"Is this man here?"
Translation:Этот мужчина здесь?
человек should be accepted. Unless a person who's asking, held up a photo of a man being searched for, which is highly specific... Этот would be used. Otherwise Этот refers to nothing. Человек sounds naturally here. At least thats what I would use. Duolingo's Russian speakers are unpolished and highly confusing, pronouncing words incorrectly all the time, inconsistent translations being used, overall feeling is the lessons were put together in a rush to get them done asap. It's not surprising it was marked wrong.
"Тут" = "здесь", but "тут" is a bit more informal. For purposes of this course, they are interchangeable. Both of them mean "here", this place in which you are located right now. "Вот" is more like "here is", when pointing to something, handing someone something, that kind of thing.
It looks really odd to me to put something between этот and мужчина.
In general the thing being emphasized, new information or the thing in question, goes at the end. Этот мужчина здесь - is this man here or is he somewhere else. Здесь этот мужчина - is it this man or is it something else that's here.
Yes, overall Olga451165 is right. If you ask "Этот мужчина вот?" (or better "Вот этот мужчина?") it can be used in a situation, for example, when a little child comes to his/her mother and tells her that the man over there was acting weird and then the mother asks him/her again to make sure: "Вот этот мужчина?" ("That man over here?") and points her finger to someone. If the mother asks "Этот мужчина здесь?" ("Is this man here?") then she probably did not understand what man the child meant and she wants to make sure if the man somewhere nearby. Hope it helped. :)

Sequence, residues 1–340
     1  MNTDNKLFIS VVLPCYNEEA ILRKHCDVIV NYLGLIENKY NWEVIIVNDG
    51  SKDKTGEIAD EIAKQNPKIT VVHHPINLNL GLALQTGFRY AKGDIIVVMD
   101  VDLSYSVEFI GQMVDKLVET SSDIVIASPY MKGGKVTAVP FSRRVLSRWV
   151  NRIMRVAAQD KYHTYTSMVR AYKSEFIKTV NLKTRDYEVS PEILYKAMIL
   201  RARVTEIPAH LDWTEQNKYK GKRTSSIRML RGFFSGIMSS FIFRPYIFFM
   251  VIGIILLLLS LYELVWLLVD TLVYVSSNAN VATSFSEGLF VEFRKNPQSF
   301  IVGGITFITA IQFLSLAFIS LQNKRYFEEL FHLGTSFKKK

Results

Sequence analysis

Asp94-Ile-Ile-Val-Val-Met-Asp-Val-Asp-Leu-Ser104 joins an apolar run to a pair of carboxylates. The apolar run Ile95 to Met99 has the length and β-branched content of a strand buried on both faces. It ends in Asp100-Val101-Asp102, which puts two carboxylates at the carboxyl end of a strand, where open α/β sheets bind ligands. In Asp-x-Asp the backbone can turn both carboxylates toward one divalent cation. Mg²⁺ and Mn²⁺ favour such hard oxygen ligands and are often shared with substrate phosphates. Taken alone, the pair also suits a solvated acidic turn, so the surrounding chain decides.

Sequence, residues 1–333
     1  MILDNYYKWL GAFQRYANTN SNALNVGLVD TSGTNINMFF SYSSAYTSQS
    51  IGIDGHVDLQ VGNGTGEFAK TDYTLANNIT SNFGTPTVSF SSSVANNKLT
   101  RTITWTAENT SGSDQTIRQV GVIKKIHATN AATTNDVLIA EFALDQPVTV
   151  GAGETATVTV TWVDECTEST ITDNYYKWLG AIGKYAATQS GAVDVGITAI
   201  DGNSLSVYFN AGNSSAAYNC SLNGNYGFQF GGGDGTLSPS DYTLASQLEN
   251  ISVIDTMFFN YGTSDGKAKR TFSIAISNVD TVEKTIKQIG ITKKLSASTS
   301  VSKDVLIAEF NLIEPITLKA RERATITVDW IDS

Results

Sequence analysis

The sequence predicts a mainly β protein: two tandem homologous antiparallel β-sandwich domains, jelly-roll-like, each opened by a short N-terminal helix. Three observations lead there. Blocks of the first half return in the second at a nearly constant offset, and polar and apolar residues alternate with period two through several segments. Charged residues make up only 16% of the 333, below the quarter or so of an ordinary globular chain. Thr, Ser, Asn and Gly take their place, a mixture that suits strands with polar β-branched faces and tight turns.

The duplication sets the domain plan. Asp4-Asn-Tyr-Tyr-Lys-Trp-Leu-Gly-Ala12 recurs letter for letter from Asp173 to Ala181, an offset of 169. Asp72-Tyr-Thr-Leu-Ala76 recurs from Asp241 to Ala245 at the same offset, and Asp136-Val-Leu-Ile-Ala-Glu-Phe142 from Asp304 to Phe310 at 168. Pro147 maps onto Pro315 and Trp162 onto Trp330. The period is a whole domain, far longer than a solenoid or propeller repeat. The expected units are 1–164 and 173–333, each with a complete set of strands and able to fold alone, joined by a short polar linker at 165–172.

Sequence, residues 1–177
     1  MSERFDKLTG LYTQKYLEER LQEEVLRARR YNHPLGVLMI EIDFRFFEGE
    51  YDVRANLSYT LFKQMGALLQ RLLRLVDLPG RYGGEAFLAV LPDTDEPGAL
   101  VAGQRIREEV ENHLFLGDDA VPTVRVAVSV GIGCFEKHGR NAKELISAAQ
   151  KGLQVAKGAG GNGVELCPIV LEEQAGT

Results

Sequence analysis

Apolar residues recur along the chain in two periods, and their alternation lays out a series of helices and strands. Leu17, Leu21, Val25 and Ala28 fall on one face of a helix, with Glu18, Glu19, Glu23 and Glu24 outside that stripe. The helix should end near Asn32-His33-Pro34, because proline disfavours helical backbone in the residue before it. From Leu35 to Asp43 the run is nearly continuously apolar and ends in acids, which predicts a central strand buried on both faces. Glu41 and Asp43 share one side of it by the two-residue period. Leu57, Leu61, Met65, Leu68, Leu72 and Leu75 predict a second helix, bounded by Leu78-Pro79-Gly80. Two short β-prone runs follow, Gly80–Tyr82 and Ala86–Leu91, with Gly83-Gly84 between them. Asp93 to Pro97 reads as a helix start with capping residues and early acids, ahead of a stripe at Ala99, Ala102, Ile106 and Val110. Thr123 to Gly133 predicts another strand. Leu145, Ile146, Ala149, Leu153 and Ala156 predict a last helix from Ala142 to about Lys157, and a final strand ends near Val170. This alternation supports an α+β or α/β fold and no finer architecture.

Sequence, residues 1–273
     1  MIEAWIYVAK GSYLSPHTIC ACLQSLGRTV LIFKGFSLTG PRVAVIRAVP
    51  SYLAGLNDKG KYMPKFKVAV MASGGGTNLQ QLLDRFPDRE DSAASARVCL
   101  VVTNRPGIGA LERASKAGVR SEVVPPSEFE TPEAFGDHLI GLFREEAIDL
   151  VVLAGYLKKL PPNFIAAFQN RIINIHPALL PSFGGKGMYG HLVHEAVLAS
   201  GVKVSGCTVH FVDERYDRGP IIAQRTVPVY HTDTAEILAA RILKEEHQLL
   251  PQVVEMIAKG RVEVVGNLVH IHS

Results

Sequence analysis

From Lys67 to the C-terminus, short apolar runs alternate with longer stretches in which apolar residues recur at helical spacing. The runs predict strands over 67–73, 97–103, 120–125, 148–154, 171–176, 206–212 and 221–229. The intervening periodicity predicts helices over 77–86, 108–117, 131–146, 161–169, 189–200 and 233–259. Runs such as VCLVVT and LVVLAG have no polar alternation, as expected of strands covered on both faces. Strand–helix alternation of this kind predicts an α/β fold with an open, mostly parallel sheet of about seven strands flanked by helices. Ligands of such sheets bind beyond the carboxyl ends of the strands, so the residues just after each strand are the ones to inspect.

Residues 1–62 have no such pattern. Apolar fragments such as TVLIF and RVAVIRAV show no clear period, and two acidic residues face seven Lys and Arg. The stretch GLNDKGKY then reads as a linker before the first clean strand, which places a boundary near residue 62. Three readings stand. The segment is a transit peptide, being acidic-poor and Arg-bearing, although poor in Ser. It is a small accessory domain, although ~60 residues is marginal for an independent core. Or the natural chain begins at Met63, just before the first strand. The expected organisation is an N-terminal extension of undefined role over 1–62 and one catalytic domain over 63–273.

вот is not really "here" in terms of place.. It's more of a slang and you need to know how to use it and when. "Vot, ya eto vizu" - "here/there i see it" "Vot vam" - "there ya go" "Vot tam"- " there" "Vot zdes" - "right here" I think it points to something rather than some place. I'm not sure how to explain it better..
I've been thinking of it like the French "voici/voilà", the second of which we've borrowed into English as "check this out" or "behold", although it's more common and mundane in French so it probably feels more like "here is" or "right there". Of course, I'm still a relative noob in Russian (and pretty fallible in French, too) so there is probably nuance to it beyond that, but in any event, it doesn't feel to me like it fits where there's uncertainty about what is being pointed out.
Clarification for those who are confused, "man" in English can have two meanings, which you must deduce based on the context: a "male" or a "person" in general which includes women and children (very much in spite of feminists...)
In Russian there are two different words for each meaning: мужчина (specifically an adult male) and человек (any person).
It is impossible to know which Russian word would be appropriate if there isn't any context to know which word would be more appropriate, therefore both человек and мужчина should be accepted as correct, as they are both grammatically correct.
You can think it as вот as pointing something specific "here is..." (imagine pointing to a specific location with your finger) And здесь as being at a place and saying "...is here" (kinda unspecific and ambiguous, like "around here". Like "my friend just arrived, my friend is here")
No, I'm not "confused". Recognize typos and dont penalize for them. Have you ever used a keyboard and avoided any mistakes while trying to write naturally and quickly? If you said yes, then you are a liar.
The word "man" in english have both meanings, as a specific adult male and a person (including all genders and ages). "Человек" and "мужчина" can be correctly translated as "man", but to know which one is the proper translation it would need more context.
As it is, both words should be considered correct